You can also keep your crew’s laptops, phones and other devices charged while they are working. If you need to power a small air conditioner or space heater, you can do that as well.
In general, this category of generator is one of the most common for providing a house with backup power and running lots of tools on jobsites.
A 7,500 Watt Generator Can Run Nearly Any Single, Common Appliance
If you have more specific requirements, or want to run something with truly serious power demands, like a dryer, central air, electric furnace, electric water heater and so on, you can take heart knowing your genny can handle most common ones just fine, though it won’t have too much capacity left over.
As a rule of thumb, you should be able to start and run any common household or jobsite appliance with a 7,500 watt generator, as long as it is the only thing running.
Larger central or commercial air conditioners will also work, but you’ll need to start them up one at a time or else cycle them on and off to give the generator a break in between starts.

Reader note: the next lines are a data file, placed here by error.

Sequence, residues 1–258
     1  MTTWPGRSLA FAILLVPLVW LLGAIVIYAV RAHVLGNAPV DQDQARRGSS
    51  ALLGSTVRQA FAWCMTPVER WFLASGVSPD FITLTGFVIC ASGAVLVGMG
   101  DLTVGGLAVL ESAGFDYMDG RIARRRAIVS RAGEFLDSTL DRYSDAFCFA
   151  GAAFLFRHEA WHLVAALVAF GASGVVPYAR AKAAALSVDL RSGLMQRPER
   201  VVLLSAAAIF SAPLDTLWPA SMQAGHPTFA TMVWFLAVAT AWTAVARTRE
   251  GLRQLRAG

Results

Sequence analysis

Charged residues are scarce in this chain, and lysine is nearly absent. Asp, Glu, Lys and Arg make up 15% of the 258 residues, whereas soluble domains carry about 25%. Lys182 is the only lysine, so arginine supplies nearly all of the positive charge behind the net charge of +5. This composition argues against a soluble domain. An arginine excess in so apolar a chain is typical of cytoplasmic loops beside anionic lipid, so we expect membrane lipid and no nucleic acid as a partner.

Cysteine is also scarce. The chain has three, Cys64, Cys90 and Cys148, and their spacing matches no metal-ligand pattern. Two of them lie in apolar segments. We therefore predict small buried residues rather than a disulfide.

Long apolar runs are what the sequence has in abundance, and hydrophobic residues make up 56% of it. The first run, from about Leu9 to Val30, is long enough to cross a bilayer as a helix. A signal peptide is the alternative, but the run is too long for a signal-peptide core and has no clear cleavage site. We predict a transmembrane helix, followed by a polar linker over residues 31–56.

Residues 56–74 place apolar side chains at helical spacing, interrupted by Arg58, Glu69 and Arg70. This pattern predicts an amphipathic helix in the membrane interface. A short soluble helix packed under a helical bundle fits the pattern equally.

Don’t Forget to Factor in Startup Power Requirements
One of the most important factors for effective and safe use of a generator is also one that is commonly overlooked by those who have little experience with electrical devices.
All appliances, whether they are tools or devices in your home, have what is called a startup power requirement.
This is the amount of electricity required to get them going, and it can be significantly higher than the amount of power they require to keep running continuously.
For example, a fridge with freezer might have a startup requirement of 2,200 watts, but only need 800 watts once it is up and running.
A washing machine might have a startup requirement of 2,100 watts but only need 1,150 watts to keep going.